Chevron's LNG Exit Adds to Canada's Energy Struggles
(Bloomberg) -- Abundant natural gas resources, an all-electric plant and just a nine-day hop to energy-hungry Asian markets were not enough to convince Chevron Corp. to pursue its Kitimat gas export project in western Canada, marking a further blow to the country’s beleaguered fossil fuel industry.
The U.S. oil giant called time on the liquefied natural gas plant on Wednesday, saying it plans to sell its 50 percent stake and that the project “will not be funded by Chevron and may be of higher value to another company.” Woodside Petroleum Ltd., its partner, is also seeking to sell a share in the project.
For Chevron, it’s a decision to write off years of planning as the global LNG industry gets crowded, gas prices keep slumping and the San Ramon, California-based company focuses on areas like the Permian Basin in Texas. But for Canada, it’s a bigger hit: billions of dollars of potential investment, and a much-needed long-term outlet for its gas to foreign markets.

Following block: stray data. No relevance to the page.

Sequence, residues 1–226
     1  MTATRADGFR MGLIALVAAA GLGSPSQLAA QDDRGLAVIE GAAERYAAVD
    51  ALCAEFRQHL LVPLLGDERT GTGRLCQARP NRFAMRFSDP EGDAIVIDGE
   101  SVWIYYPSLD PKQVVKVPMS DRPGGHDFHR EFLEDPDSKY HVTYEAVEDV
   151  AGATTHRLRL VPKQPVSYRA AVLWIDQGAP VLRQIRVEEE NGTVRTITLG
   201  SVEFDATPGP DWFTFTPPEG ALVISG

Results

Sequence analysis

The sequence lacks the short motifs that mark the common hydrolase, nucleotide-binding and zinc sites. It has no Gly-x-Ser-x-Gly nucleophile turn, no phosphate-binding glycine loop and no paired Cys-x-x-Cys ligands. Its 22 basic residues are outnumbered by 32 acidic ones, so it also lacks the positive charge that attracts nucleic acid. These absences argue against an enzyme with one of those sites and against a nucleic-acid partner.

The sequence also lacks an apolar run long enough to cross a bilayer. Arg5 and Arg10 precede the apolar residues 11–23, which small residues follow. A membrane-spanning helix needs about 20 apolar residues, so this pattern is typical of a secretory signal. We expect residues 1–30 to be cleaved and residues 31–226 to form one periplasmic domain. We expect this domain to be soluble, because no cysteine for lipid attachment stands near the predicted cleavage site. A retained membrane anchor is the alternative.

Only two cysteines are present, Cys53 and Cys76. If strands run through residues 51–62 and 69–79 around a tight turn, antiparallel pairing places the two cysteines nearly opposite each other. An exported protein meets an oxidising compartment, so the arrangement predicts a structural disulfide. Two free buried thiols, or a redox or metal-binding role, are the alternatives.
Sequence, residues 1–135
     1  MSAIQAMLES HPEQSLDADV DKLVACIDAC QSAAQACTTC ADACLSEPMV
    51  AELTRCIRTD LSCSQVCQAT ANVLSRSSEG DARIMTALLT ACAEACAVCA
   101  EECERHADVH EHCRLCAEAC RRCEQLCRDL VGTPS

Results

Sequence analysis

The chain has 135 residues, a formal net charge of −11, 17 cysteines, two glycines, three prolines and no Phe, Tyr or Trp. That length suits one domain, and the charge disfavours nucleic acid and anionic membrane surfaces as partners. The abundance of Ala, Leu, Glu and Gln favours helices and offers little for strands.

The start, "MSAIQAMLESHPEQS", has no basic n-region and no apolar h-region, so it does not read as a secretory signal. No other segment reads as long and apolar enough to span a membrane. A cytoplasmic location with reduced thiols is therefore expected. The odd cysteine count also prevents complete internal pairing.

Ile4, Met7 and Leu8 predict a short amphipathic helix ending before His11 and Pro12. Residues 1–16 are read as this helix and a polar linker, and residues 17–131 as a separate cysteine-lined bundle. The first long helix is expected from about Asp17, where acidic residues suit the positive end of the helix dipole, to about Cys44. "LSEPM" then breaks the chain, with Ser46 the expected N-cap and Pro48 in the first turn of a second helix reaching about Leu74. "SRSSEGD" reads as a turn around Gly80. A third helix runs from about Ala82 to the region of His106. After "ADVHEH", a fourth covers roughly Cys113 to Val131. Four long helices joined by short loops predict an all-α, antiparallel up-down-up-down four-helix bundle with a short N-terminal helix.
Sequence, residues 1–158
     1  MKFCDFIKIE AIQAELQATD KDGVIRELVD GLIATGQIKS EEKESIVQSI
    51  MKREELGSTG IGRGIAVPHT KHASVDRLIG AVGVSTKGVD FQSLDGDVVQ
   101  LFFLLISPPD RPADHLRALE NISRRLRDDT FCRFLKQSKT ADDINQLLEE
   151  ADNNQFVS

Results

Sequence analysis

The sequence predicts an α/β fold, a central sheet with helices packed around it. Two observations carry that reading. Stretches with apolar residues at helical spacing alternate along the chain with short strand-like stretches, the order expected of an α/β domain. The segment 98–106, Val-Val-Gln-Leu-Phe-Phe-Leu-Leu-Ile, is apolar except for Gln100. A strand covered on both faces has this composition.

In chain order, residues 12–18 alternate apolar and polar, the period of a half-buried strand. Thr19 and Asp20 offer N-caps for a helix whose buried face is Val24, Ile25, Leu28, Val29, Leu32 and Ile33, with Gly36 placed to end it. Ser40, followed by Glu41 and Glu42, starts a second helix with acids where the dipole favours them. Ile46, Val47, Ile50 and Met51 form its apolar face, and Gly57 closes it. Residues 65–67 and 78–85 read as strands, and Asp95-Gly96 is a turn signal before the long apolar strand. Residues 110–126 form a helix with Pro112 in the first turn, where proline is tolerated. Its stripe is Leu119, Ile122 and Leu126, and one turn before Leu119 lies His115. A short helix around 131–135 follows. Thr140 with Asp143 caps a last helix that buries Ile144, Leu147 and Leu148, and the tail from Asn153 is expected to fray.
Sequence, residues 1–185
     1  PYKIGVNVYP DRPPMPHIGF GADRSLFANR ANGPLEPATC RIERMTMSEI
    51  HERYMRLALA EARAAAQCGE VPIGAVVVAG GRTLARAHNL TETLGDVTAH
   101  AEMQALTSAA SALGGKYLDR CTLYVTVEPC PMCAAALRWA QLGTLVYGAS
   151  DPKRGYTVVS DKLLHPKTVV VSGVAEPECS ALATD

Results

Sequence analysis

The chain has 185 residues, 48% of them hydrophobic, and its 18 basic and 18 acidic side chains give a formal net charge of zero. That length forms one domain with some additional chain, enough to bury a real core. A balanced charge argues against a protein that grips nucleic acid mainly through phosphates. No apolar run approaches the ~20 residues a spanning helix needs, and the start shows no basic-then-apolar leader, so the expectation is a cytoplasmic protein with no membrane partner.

The move comes after several large multinational energy companies have either left or reduced their presence in Canada in recent years, including Norway’s Equinor ASA, France’s Total SA and ConocoPhillips. Independent producers such as Devon Energy Corp., Apache Corp. and Marathon Oil Corp., as well as pipeline giant Kinder Morgan Inc., have gotten in on the act, too. Even Encana Corp., a Canadian company born out of the nation’s 19th-century railway boom, plans a move to the U.S.
One major hurdle for Kitimat was Royal Dutch Shell Plc’s $30 billion rival LNG Canada project planned for the same area on British Columbia’s Pacific Coast, but due to be built first. Chevron had adopted a go-slow approach to Kitimat and faced a glut of similar projects selling the same fuel, particularly along the Gulf Coast.
Global LNG supply is forecast to grow 9.2 percent to 406 million tons in 2020, according to BloombergNEF.
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